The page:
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Detox or not to detox… that is the question

Posted Jun 12 2009 6:42pm

Monday 5th January 2009

With the start of a brand new year and after pigging out on chocolates, nuts, sweets and roast dinners for the last four weeks, no doubt many of you have made the New Year’s Resolutions of ‘eating properly’ and ‘exercise more’ (I know i have, amongst others!). However if you’re about to do your weekly shop and intend on only buying ’superfoods’ and ‘detox products’, you might want to think again.

Now, eating five portions of fruit and veg and drinking eight glasses of water a day will definitely have its benefits, however scientists have recently proven that some specially formulated ‘detox’ products bear false claims as to their miracle effects.

We have visited this time and again, most recently in the SkinGenesis newsletter. Some manufacturers create names that have a creative, yet medical-sounding name in order to encapsulate its market and make people think they’re using a much more powerful product than they really are.

Read the BBC’s take on it here. It reports on Garnier’s facewash and its claims that it rids the skin of toxins – toxins being dirt, skin oils, make-up etc, all of which can be removed with any decent facewash. Describing itself as eradicating toxins makes it sound more scientific, as though it is providing something out of the ordinary!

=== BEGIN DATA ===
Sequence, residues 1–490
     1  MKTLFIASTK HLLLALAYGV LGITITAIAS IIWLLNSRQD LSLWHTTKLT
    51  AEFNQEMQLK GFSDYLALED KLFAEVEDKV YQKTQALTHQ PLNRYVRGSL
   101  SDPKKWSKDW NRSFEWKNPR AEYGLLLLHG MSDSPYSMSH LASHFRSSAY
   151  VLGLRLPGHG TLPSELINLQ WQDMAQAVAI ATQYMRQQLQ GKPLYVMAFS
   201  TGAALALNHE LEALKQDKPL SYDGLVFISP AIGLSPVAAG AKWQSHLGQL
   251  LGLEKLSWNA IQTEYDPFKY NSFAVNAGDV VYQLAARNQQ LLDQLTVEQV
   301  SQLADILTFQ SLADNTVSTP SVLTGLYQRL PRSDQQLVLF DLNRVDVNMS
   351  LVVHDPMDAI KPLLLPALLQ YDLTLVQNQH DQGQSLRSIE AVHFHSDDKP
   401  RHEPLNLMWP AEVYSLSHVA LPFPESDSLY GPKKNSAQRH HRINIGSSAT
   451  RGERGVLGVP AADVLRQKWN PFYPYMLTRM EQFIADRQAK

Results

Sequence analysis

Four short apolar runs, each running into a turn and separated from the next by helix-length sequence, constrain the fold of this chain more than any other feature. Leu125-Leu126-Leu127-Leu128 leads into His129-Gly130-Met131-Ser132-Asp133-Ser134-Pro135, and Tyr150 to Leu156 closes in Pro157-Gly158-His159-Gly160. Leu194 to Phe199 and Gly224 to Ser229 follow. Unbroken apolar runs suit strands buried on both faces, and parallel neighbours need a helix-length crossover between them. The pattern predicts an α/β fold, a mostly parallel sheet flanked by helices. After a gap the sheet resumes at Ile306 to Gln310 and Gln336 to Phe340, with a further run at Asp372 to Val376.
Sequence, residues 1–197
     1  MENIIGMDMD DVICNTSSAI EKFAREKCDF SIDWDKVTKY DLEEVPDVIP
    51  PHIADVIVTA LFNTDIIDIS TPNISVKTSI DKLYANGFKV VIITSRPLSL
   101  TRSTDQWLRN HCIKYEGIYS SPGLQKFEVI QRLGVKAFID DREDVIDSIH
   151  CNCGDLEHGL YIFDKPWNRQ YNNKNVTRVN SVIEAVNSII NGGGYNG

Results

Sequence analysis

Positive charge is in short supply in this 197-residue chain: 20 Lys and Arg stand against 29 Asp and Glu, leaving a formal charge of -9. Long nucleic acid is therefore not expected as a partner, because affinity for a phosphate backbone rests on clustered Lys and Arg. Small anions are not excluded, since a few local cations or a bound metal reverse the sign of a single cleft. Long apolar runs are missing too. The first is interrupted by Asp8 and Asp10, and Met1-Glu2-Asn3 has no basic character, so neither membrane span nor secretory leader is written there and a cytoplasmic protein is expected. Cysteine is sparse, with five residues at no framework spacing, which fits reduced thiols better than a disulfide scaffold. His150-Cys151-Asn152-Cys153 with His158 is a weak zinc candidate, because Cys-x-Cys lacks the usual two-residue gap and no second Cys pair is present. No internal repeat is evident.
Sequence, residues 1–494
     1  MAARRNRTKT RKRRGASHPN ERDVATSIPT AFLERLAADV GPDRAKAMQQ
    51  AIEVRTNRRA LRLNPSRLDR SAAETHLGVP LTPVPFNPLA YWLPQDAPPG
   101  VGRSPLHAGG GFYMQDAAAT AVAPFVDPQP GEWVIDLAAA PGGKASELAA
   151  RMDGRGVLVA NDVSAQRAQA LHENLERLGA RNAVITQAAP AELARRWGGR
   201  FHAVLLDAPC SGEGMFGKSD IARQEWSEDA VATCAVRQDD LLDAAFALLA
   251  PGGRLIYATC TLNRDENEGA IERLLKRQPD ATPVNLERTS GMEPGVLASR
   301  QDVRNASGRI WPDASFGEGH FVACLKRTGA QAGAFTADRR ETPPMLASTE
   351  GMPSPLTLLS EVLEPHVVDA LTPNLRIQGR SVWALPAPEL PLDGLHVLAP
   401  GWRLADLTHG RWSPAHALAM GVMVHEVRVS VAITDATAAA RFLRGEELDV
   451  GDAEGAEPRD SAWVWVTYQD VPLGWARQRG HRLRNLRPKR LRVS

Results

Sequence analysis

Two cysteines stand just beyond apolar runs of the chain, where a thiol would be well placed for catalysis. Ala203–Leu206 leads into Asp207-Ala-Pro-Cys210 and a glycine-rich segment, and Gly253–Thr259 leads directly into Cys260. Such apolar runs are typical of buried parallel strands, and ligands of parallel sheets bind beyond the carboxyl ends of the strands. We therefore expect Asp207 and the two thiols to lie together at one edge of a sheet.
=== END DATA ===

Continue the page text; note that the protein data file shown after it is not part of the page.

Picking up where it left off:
This is misleading and the Advertising Standards Authority has agreed to clamp down on any manufacturers products that receive complaints from consumers. And so they should!

Monday 5th January 2009

With the start of a brand new year and after pigging out on chocolates, nuts, sweets and roast dinners for the last four weeks, no doubt many of you have made the New Year’s Resolutions of ‘eating properly’ and ‘exercise more’ (I know i have, amongst others!). However if you’re about to do your weekly shop and intend on only buying ’superfoods’ and ‘detox products’, you might want to think again.

Now, eating five portions of fruit and veg and drinking eight glasses of water a day will definitely have its benefits, however scientists have recently proven that some specially formulated ‘detox’ products bear false claims as to their miracle effects.

We have visited this time and again, most recently in the SkinGenesis newsletter. Some manufacturers create names that have a creative, yet medical-sounding name in order to encapsulate its market and make people think they’re using a much more powerful product than they really are.

Read the BBC’s take on it here. It reports on Garnier’s facewash and its claims that it rids the skin of toxins – toxins being dirt, skin oils, make-up etc, all of which can be removed with any decent facewash. Describing itself as eradicating toxins makes it sound more scientific, as though it is providing something out of the ordinary!

This is misleading and the Advertising Standards Authority has agreed to clamp down on any manufacturers products that receive complaints from consumers. And so they should!

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